The Cheetah’s original Atlanta location opened in 1977 at Peachtree and 8th streets and moved a decade later to its current Midtown spot. The gentleman’s club has been a relic from the 1990s when traveling conventioneers, drawn to both full nudity and alcohol, were the telltale sign that the city’s strip scene was one to watch. (An adjacent garage houses limousines that pick up guests from downtown hotels.) The club’s in-house restaurant, Alluvia, opened in 2001.
“The only other times we’ve ever been shut down is if it snowed and people couldn’t get here,” says Kristy Boynton, front door hostess and day shift relief manager, who has worked on and off at the Cheetah since 1997. “But we have opened for ice storms because a lot of us live in the area. So if we can walk here, we will open for people who also live around here and would like to still come eat and have a good time.”
And while COVID-19 did shut down the club on March 12, that didn’t stop the demand. Early on in the pandemic, adult entertainment subscription site OnlyFans saw a 75 percent increase in signups. Perhaps the most infamous of Atlanta strip clubs, Magic City made headlines registering its own profile on “adult live video chat site” LSL, where tips for virtual “lap dances” or role play or chit-chat, even, could be paid through PayPal.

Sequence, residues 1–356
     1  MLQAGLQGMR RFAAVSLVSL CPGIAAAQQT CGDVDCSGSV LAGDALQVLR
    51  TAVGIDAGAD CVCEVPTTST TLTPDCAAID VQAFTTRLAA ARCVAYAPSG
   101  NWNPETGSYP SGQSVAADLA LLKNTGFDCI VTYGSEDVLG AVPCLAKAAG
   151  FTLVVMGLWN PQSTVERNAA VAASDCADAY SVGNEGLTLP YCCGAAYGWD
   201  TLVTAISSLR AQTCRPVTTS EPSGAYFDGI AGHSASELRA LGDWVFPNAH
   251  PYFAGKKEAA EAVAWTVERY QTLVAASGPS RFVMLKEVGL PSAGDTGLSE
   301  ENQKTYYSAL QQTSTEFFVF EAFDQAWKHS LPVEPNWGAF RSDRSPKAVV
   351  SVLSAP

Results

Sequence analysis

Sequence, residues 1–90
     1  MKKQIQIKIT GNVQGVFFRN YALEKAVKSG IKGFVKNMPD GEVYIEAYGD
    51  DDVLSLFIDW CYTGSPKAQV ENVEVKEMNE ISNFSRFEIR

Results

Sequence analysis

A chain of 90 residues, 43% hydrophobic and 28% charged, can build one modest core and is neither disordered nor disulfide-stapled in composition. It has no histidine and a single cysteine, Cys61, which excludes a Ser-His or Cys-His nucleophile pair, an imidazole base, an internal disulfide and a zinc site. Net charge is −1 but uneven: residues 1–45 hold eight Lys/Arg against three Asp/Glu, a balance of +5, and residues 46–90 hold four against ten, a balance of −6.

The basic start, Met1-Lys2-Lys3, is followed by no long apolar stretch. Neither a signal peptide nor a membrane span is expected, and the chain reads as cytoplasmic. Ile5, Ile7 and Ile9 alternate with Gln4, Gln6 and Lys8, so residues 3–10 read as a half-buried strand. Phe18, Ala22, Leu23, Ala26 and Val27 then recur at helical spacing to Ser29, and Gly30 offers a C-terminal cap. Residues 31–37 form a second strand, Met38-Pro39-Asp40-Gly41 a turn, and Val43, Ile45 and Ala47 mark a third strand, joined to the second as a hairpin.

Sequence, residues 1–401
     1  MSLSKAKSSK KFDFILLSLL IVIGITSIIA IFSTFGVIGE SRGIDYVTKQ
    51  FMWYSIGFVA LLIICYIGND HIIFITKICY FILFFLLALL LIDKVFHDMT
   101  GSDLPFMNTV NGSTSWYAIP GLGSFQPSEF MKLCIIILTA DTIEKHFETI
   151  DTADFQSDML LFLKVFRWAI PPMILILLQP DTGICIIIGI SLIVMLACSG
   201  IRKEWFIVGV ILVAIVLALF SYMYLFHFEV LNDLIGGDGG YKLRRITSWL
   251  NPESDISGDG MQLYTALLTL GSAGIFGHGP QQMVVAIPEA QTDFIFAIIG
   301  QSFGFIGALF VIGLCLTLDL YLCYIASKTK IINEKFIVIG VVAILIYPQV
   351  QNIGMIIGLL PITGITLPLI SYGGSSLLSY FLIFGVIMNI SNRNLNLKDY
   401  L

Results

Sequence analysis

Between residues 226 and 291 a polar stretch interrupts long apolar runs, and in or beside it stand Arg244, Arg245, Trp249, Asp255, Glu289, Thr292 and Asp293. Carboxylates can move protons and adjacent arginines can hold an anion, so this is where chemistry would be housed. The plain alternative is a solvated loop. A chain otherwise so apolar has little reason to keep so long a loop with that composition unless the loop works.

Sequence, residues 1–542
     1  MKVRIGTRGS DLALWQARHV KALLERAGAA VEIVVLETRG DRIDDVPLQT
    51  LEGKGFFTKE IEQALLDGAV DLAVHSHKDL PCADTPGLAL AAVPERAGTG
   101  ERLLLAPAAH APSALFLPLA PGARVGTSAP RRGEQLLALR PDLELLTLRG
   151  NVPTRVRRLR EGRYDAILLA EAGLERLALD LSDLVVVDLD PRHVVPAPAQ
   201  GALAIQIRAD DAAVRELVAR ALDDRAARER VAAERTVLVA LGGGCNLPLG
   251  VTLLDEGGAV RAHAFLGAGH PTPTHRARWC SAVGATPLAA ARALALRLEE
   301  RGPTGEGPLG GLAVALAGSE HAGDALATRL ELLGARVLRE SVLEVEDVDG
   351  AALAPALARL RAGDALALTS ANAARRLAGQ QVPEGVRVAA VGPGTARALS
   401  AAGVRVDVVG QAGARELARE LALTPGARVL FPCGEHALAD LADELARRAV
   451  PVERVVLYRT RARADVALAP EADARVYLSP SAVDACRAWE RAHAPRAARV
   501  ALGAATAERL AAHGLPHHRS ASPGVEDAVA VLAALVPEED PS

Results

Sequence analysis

But it’s hard to replicate the real thing. As a dancer in Clayton and Fulton counties, Brianna* has worked in Birmingham and Miami, but for her, there truly is no place like home. “All the stuff that you hear in songs is true, it’s really true,” she says. “Atlanta strip clubs are just different because, mind you, we get naked here -- completely naked. When you hear a rapper talking about, ‘I just went to so-and-so club and I spent this much,’ they are not lying. They are telling the truth.”
Back in April, when her home club was closed, she returned to a job she had last Christmas at a Walmart warehouse, to supplement her income from her YouTube channel, Stripper Life of Bre. Her son, who turns 2 in October, “still needs diapers,” she said in a vlog. But she only lasted at that warehouse job for a month.
“Don’t get me wrong, I still was blessed,” Brianna says. “But every time I was clocked in, I was like, ‘Dang, I can’t wait for the clubs to open back up. I’m at work, just listening to people’s conversations about how they can’t wait for two weeks’ pay to come in. I’m sitting there like, ‘If the club was open, I could have gone to work tonight and made that paycheck in one night.”
"I’m sitting there like, ‘If the club was open, I could have gone to work tonight and made that paycheck in one night.”
That same month, when the Small Business Administration launched its Paycheck Protection Program, the Cheetah applied. Three weeks passed before Braglia realized the club’s bank lost its application -- though, after that application was actually located, the SBA denied it just a few days later, as other strip clubs nationwide have experienced.